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Retinoic Acid Signaling and Development of the Respiratory System

  • Hector A. Marquez
  • Felicia ChenEmail author
Chapter
  • 92 Downloads
Part of the Subcellular Biochemistry book series (SCBI, volume 95)

Abstract

Retinoic acid (RA), the bioactive metabolite of vitamin A (VA), has long been recognized as a critical regulator of the development of the respiratory system. During embryogenesis, RA signaling is involved in the development of the trachea, airways, lung, and diaphragm. During postnatal life, RA continues to impact respiratory health. Disruption of RA activity during embryonic development produces dramatic phenotypes in animal models and human diseases, including tracheoesophageal fistula, tracheomalacia, congenital diaphragmatic hernia (CDH), and lung agenesis or hypoplasia. Several experimental methods have been used to target RA pathways during the formation of the embryonic lung. These have been performed in different animal models using gain- and loss-of-function strategies and dietary, pharmacologic, and genetic approaches that deplete retinoid stores or disrupt retinoid signaling. Experiments utilizing these methods have led to a deeper understanding of RA’s role as an important signaling molecule that influences all stages of lung development. Current research is uncovering RA cross talk interactions with other embryonic signaling factors, such as fibroblast growth factors, WNT, and transforming growth factor-beta.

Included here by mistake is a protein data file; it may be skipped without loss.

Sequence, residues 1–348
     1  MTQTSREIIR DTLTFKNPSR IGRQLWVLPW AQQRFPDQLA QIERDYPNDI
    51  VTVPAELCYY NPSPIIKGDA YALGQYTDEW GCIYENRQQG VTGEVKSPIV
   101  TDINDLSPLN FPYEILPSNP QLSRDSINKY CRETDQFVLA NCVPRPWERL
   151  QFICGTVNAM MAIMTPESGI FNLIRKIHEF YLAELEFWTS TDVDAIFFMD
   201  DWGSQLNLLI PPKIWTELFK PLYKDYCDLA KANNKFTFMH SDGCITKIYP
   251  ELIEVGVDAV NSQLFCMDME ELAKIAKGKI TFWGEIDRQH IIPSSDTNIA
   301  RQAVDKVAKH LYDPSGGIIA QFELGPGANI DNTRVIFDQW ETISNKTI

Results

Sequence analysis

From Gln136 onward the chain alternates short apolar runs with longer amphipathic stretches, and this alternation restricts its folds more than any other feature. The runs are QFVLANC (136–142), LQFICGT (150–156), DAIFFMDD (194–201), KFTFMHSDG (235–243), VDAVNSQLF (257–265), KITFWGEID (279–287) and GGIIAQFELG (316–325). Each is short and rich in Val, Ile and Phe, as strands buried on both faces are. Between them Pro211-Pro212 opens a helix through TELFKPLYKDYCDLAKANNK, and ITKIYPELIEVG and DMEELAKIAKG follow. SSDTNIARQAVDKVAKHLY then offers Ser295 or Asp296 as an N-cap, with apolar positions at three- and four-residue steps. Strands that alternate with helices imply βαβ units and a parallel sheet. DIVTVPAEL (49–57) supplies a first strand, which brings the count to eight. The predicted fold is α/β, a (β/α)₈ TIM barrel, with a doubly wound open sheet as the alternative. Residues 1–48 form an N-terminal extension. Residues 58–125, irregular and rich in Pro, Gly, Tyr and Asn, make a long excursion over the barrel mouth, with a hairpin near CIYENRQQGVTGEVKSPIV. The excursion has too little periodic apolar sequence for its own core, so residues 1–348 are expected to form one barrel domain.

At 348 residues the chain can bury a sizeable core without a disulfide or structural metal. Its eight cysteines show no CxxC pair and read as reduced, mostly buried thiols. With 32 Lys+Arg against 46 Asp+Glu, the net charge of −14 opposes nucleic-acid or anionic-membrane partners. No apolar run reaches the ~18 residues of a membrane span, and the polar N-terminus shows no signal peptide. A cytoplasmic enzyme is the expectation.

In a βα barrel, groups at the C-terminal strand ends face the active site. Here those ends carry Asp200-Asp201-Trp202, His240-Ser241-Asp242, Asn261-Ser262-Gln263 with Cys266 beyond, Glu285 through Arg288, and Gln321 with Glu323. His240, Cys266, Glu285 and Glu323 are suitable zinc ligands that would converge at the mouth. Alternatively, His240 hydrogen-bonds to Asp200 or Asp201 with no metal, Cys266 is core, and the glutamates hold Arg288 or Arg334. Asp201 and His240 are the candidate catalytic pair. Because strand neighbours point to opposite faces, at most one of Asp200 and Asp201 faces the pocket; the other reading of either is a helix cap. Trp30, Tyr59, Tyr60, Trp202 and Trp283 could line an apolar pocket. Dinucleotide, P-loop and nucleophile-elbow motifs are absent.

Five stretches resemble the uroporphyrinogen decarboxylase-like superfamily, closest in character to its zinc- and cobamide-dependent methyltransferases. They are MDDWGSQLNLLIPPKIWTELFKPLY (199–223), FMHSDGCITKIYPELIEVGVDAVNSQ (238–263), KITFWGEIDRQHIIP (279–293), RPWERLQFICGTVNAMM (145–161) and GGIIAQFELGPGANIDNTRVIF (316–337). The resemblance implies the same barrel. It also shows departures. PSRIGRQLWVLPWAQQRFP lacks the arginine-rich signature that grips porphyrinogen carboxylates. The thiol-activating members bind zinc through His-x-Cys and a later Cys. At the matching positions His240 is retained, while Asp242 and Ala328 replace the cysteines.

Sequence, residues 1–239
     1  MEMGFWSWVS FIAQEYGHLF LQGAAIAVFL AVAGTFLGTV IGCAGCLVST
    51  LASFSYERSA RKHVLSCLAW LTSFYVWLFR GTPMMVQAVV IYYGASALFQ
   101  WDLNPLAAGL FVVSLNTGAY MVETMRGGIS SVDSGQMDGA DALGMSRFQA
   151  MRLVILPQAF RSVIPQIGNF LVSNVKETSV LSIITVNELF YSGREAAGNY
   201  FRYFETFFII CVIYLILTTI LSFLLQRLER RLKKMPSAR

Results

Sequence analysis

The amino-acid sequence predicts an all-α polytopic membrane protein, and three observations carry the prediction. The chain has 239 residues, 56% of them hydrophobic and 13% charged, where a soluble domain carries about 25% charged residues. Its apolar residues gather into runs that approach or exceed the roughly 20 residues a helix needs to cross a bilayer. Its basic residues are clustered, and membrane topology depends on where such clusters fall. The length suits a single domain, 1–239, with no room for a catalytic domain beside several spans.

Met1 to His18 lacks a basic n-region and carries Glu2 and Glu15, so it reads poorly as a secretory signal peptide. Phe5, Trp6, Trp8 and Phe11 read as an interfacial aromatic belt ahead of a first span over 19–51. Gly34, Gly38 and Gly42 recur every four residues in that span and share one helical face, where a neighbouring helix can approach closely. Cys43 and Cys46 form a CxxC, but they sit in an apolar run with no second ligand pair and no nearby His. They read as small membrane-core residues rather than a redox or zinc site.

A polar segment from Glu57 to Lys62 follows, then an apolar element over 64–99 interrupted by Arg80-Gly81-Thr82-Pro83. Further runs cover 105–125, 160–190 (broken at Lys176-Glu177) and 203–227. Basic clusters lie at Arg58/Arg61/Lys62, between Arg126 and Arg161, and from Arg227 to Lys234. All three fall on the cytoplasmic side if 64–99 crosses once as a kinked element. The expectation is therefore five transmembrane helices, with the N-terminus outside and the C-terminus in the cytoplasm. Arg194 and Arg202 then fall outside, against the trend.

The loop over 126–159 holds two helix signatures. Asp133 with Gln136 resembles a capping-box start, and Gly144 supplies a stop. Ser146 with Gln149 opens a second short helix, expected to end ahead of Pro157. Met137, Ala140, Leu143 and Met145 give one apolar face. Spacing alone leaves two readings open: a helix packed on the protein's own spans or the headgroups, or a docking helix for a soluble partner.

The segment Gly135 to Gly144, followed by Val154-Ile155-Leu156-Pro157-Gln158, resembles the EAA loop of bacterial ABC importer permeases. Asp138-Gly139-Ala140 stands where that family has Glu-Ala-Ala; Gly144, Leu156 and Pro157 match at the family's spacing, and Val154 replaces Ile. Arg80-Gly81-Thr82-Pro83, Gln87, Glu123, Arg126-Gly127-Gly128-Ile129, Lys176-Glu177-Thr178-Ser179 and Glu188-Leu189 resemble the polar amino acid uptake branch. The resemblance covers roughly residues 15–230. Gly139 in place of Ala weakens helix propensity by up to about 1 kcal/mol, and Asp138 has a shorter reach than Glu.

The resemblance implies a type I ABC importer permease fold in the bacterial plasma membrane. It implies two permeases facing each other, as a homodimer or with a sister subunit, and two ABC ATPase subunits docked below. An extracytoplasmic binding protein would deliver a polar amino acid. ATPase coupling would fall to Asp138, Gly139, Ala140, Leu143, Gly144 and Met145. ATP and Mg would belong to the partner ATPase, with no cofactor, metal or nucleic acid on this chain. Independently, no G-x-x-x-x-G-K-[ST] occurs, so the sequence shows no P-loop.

Keywords

Retinoic acid Vitamin A Retinoid Signaling Vitamin A deficiency Respiratory Lung Development Embryonic Growth Vertebrates Mammal Avian Retinoic acid regulated pathways 

Abbreviations

ACTA2

Alpha-actin-2 or alpha smooth muscle actin

ALDH

Aldehyde dehydrogenase

ASM

Airway smooth muscle

BMP4

Bone morphogenetic protein 4

BMS493

A pan-retinoic acid receptor inverse agonist

CDH

Congenital diaphragmatic hernia

COPD

Chronic obstructive pulmonary disease

DEAB

Diethylaminobenzaldehyde

DKK1

Dickkopf WNT signaling pathway inhibitor 1

E

Embryonic day

FGF

Fibroblast growth factor

GLI

GLI-Kruppel family member

HH

Hedgehog

MYH11

Myosin heavy chain 11

MYOCD

Myocardin

n.d.

Not determined

NKX2.1

NK2 homeobox 1

p.c.

Post coitum

PH

Pulmonary hypertension

PN

Postnatal day

RA

Retinoic acid

RAD

Retinoic acid deficiency or retinoic acid-deficient

RALDH

Retinaldehyde dehydrogenase

RAR

Retinoic acid receptor

RARE

Retinoic acid response element

SHH

Sonic hedgehog

SRF

Serum response factor

STRA6

Stimulated by retinoic acid 6

TAGLN

Transgelin

TEF

Tracheoesophageal fistula

TGFβ

Transforming growth factor-beta

VA

Vitamin A

VAD

Vitamin A deficiency or vitamin A-deficient

WNT

Wingless-type MMTV integration site family

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Authors and Affiliations

  1. 1.Pulmonary CenterBoston University School of MedicineBostonUSA

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